The cloud revolution has been around long enough that every IT leader knows the overarching value proposition: The cloud makes it easier to share resources, it adapts quickly to shifting loads and demands, and it can save time and money by eliminating the need to buy, install and maintain racks of your own hardware.
But there are downsides, and they aren’t mentioned as frequently. Maybe that’s because the idea of offloading your hassles to some Shangri-La of a server farm hidden in the sky is so seductive.
Still, the real worries of moving your workloads to the cloud aren’t the run-of-the-mill maladies. Yes, cloud machines suffer from many of the same issues that confound the boxes in your own data center. If there’s a backdoor in Ubuntu 18.04, it will let in hackers whether it’s installed on a cloud machine or a server in a closet down the hall. All computers are susceptible to power failures, hard disk crashes, alpha rays, malware and worse.
The interesting gotchas, however, are those peculiar to the cloud model. These issues don’t affect the machines in your server farm, or if they do, they don’t threaten catastrophe at the same scale. The trick, of course, is to watch out for and, where possible, solve these 10 cloud-specific issues before they come back to haunt you.
When the demands on your cloud architect ramp up, the cloud can automagically spin up new machines to handle the load. But when it does, behind that curtain, the meter spins faster and faster.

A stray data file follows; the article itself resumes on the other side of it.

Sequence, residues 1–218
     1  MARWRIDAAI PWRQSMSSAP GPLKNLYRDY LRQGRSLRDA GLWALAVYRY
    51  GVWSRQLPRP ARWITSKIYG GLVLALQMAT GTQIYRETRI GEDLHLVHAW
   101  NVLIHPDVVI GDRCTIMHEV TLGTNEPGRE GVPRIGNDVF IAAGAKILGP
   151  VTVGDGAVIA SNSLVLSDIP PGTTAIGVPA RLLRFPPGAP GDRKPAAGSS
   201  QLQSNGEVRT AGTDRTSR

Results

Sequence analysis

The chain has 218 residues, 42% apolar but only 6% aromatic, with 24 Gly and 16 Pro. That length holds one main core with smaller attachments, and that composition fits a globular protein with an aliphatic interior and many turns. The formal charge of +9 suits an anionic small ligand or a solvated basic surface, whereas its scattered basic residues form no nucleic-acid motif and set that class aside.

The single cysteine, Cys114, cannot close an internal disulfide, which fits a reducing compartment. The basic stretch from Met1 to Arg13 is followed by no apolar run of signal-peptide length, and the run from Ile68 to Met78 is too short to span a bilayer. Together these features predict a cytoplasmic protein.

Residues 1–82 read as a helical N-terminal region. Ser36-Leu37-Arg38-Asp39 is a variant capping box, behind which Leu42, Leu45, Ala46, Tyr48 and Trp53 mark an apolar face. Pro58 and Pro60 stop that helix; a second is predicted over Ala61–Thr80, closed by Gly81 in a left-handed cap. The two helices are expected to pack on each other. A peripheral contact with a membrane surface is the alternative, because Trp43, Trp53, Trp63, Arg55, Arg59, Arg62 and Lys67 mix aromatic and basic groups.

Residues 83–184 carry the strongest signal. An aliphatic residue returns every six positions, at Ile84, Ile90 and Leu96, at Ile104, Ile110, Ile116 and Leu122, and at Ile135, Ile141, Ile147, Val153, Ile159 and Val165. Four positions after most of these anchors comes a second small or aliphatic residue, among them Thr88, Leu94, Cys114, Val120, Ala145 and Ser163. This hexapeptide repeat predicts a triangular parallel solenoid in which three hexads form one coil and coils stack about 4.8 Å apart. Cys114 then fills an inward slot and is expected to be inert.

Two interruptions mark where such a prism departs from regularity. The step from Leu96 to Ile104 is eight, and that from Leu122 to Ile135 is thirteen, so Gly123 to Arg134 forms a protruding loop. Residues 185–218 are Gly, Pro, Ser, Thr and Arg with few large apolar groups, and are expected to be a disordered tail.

This elastic response to load is supposed to be better than the meltdowns that overwhelmed the old server in the closet. The bits are being delivered where they are supposed to and the job is getting done. But whereas an overburdened local server would simply slow down everyone or generate some 404 errors, in the cloud, your bill can spike suddenly, wiping out the monthly budget in seconds.
This challenge has swamped many. Worst may be developers using the cloud for side hustles: lightning strikes and they’re on the hook for a huge bill. Because of this, cloud providers have added controls, enabling you to set budgets and ask for spending alerts. But that doesn’t fix the underlying architectural issue. All the time your team has put in to redesign your app to make good on the cloud’s promise of seemingly infinite scalability means a potentially infinite bill. There’s no such thing as a free lunch.
Storing backups is a good habit when it comes to safeguarding data. But if your company’s data is squirreled away on RAID arrays you own, the cost and volume of that data is contained. Instead, when your data is sitting in a nested collection of buckets somewhere in the cloud, it becomes much more difficult to know if there are crucial log files or bits buried deep inside.